San Francisco Mayor London Breed and other community leaders joined On Lok staff, friends and supporters at our Mission Nutrition kick-off event last November. The gathering took place at the 30th Street Senior Center, home base of the Center’s popular meal program, to celebrate the continued expansion of community and home-delivered meal services, now served under the banner Mission Nutrition. “I’m here to express my appreciation and my support for a program that feeds over 3,000 older adults a year. We will continue to support it to make sure no person is ever turned away,” said the Mayor.

“We are the largest multipurpose senior center in San Francisco, serving more than 6,000 seniors. Our purpose is not only to support seniors’ health and independence, but to help people better manage and structure their own health,” said Dr. Joseph Barbaccia, Chair of the Board of On Lok Day Services and Emeritus Professor of Family and Community Medicine at the University of California, San Francisco School of Medicine. “We focus on proper nutrition, both served here and home-delivered, but also on social interaction, friendship, personal growth, and learning. Through nutrition education that teaches seniors how to eat wisely, we also help people manage chronic health problems, such as diabetes.” Dr. Barbaccia was one of the earliest supporters of the nutrition program at 30th street Senior Center. As a member of the board, he championed former Center Director Hadley Hall when Hall advocated for the creation of the nutrition program 40 years ago.

“Joe was one of my bosses back in the ’60s and in 1968 we sat around a table as a group and discussed what we needed to do to keep more seniors in their homes,” said Hall at the event. “I told him the community needed social workers, home visits, and congregate and home-delivered meals. Joe said, ‘Good idea, go do it.”

Today, Mission Nutrition serves 88,000 community meals annually, 313 days a year, at six dining sites in San Francisco, and delivers another 130,000 meals to homebound seniors. Eighty percent of seniors in the home-delivery program are very low income, and 35 percent over 85 years of age. The program keeps growing thanks to grants from San Francisco’s Department of Aging and Adult Services (DAAS) and donations from our community of friends. DAAS administers the Dignity Fund, passed by San Francisco voters in 2016, which guarantees funding to enhance supportive services to help older adults and adults with disabilities age with dignity in their own homes and communities. However, that is not enough to cover Mission Nutrition’s costs.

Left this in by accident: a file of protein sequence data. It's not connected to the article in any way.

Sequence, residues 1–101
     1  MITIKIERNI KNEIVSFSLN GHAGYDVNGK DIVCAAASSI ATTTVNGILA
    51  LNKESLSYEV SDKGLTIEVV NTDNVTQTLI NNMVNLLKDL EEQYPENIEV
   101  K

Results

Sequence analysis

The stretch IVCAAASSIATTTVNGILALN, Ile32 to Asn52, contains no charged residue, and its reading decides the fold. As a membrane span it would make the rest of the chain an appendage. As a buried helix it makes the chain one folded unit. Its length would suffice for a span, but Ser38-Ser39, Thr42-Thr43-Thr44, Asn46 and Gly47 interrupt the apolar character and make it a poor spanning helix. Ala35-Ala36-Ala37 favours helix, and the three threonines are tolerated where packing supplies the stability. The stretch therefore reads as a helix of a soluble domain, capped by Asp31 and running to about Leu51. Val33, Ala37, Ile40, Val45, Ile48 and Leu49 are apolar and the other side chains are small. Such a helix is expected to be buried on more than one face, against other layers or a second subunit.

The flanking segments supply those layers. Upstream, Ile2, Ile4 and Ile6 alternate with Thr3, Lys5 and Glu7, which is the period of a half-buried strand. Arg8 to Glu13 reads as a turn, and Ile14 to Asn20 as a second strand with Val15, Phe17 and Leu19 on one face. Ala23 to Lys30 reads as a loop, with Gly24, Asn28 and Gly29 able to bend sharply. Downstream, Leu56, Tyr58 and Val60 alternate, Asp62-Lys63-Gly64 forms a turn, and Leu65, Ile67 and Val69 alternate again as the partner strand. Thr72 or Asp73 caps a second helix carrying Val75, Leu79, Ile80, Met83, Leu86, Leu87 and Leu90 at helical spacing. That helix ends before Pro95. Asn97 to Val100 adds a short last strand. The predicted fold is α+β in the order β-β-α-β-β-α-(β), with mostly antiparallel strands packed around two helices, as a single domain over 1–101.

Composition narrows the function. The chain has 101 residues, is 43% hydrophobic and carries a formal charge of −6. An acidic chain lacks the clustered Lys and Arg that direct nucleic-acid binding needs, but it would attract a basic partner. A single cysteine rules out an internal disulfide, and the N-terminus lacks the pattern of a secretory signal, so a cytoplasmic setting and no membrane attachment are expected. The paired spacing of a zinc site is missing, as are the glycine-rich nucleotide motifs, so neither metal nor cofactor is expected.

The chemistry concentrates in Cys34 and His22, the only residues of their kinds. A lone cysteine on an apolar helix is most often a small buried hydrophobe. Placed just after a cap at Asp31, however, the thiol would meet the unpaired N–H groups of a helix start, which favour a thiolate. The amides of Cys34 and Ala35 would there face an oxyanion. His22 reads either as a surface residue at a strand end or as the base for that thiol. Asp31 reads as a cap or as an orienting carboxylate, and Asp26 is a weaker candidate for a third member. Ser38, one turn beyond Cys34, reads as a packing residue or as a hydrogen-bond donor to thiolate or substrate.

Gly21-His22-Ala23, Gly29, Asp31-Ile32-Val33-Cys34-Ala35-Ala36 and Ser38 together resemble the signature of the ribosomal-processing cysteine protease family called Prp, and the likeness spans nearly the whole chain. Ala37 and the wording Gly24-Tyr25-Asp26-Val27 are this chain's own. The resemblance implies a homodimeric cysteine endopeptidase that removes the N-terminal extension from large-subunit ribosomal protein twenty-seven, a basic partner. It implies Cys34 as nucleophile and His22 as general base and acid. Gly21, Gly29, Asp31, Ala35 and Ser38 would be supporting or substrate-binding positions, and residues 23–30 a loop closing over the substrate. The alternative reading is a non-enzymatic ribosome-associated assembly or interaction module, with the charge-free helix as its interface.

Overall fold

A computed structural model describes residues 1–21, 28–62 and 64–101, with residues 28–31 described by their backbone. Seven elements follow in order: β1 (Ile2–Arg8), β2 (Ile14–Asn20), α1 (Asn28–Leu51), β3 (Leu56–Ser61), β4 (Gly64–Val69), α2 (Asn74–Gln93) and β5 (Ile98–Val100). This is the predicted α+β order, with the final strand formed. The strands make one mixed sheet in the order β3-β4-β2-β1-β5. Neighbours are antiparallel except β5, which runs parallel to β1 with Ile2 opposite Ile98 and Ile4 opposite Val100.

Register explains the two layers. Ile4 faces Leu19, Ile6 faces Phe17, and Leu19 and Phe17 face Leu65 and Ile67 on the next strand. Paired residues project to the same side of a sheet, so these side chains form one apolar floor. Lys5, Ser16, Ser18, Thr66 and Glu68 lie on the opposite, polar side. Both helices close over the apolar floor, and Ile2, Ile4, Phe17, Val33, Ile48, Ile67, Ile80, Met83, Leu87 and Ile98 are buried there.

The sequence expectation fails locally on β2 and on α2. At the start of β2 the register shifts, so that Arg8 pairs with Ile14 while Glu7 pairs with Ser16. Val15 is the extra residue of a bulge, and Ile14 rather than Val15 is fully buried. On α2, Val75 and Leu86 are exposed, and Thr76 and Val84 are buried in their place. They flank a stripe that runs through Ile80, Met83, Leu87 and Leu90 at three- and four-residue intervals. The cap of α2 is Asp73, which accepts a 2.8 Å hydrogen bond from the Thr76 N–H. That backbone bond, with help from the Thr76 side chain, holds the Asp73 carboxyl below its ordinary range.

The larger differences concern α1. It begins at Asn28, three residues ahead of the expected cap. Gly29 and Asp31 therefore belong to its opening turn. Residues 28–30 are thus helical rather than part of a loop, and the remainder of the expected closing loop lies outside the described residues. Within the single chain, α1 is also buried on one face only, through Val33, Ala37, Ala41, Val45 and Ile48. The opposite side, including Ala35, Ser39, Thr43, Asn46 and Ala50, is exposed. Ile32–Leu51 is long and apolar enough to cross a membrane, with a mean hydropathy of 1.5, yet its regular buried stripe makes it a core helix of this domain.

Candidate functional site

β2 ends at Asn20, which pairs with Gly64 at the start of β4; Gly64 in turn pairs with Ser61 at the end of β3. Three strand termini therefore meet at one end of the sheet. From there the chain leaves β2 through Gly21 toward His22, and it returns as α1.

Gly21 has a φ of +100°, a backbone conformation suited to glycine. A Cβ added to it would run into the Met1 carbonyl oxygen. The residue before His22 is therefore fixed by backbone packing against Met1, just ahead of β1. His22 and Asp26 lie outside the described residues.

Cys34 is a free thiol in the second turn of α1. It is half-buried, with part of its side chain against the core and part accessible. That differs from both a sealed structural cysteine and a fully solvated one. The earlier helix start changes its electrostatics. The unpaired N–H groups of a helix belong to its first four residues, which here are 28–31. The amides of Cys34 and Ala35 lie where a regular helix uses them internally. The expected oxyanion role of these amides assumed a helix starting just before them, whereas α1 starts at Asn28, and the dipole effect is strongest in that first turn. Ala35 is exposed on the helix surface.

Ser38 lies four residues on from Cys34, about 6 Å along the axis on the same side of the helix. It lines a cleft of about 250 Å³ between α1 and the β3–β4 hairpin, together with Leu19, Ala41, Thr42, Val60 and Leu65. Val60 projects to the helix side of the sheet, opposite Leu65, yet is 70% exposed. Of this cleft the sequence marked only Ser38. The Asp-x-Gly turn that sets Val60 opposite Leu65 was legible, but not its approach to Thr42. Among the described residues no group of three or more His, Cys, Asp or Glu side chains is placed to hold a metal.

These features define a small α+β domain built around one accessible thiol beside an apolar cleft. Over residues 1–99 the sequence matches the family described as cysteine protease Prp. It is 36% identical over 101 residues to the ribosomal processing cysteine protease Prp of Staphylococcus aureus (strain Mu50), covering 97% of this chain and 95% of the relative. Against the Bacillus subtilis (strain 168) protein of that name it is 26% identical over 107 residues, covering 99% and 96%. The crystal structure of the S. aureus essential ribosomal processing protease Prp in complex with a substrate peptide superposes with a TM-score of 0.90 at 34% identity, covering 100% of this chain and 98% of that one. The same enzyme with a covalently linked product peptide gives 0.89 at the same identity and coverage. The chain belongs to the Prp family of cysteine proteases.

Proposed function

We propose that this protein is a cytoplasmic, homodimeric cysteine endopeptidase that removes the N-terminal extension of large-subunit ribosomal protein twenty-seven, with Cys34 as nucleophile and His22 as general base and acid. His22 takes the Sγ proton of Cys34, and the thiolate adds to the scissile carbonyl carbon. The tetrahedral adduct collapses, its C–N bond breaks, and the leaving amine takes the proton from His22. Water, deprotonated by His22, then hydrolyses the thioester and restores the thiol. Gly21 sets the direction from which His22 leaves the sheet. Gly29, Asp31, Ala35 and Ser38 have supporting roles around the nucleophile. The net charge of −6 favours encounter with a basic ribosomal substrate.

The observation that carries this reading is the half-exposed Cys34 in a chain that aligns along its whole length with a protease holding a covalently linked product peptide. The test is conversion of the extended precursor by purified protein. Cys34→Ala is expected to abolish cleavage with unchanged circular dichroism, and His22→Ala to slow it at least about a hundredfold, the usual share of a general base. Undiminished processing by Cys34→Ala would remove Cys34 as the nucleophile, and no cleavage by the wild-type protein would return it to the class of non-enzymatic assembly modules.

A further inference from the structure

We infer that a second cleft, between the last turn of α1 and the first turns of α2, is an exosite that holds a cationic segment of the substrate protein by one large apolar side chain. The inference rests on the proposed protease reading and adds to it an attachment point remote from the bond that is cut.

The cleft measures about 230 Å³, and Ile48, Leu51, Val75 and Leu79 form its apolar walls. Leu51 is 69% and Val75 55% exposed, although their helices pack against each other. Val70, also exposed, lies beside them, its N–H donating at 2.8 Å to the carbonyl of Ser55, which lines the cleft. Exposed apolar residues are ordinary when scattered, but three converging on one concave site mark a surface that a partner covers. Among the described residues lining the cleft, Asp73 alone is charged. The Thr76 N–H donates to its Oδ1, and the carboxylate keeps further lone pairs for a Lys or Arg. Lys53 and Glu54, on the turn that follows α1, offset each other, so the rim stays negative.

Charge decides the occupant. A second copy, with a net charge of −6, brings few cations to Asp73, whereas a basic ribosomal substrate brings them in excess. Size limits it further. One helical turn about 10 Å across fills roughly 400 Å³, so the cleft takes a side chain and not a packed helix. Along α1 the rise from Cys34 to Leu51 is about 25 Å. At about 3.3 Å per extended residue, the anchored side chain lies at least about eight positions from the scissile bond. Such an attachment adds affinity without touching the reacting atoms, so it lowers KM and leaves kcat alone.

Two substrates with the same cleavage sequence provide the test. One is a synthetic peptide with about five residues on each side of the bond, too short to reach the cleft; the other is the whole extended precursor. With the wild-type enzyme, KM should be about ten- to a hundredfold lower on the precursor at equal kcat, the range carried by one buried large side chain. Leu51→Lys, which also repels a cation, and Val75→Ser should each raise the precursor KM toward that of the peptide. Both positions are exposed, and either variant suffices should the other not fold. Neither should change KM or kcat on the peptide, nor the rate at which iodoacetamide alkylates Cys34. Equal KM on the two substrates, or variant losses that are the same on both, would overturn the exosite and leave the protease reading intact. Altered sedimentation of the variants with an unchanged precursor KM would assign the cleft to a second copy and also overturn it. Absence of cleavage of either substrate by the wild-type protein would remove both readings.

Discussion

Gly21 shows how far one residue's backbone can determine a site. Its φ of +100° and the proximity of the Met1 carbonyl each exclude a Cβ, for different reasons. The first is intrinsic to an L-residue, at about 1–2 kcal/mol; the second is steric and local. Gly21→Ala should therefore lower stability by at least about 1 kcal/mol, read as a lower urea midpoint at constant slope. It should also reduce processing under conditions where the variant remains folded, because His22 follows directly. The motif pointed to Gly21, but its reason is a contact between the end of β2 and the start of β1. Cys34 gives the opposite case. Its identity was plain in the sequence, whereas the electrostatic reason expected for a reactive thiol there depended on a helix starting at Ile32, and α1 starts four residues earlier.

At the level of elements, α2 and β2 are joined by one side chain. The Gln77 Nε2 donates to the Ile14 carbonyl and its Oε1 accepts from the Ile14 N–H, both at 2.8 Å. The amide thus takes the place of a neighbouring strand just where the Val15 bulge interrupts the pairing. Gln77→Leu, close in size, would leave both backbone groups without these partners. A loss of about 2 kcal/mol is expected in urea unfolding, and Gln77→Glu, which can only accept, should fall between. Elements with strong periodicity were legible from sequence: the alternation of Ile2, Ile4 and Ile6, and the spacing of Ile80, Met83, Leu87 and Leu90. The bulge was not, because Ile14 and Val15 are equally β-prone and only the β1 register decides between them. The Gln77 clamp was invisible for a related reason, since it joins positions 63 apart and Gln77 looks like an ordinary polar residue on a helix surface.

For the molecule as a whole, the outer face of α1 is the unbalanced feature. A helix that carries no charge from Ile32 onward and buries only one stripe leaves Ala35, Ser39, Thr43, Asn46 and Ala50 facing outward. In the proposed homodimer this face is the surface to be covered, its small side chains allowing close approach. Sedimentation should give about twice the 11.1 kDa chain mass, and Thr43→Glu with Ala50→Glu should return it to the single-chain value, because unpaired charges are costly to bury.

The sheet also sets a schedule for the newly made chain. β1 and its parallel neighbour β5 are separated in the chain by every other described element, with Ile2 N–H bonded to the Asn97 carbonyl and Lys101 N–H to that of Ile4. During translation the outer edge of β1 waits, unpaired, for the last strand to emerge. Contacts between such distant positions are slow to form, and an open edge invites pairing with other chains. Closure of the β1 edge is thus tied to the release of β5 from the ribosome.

“Many programs at the Center have government funding, but that covers perhaps 60-67 percent of our expenses—the rest we have to raise,” said 30th Street Senior Center Director Valorie Villela. “In the Center’s kitchen, we prepare meals for six different community dining sites in the city. We feel very proud to contribute to community.”

Development Manager Henry Pacheco invited attendees to get involved. “We have been living in a period when communities have been torn apart. I grew up with my grandparents in rural New Mexico and, as a child, I used to take food to the poor elderly in our small town. It taught me that the community takes care of itself, and that’s what we are doing here. Contributions and volunteer opportunities are always welcome!”

Villela shared a story that is representative of the benefits provided by proper nutrition. “Ed is a 70-year-old gay man who moved from Colorado to the Bay Area to participate in the antiwar movement. He drove a cab for Desoto and used to pick up rides at 30th street. Talking to these seniors, he learned about the nutrition program and made a point of asking them what the dining room had served for lunch that day. He would say that, when he retired, he would also take advantage of this ‘senior restaurant.’ When Robert was diagnosed with diabetes, he realized his sedentary taxi-driver lifestyle was contributing to it. Then he suffered a fall and began attending our fall prevention class. Today Ed exercises two to three hours daily, eats at the Center, and takes nutrition classes. Five months ago, his doctor took him off his diabetes and blood pressure medication, remarking that such a turnaround was unheard of for a man Ed’s age. Ed says he gives credit to the healthy meals and amazing exercise classes at 30th Street Senior Center.”

Mayor Breed had no doubts about the value of Mission Nutrition. “As soon as I turn 60, I’m going to come here to eat. Thank you, Mr. Hall, for creating a program that will continue to serve more and more seniors in the generations to come. I am so happy I am living in a city that takes care of its own.”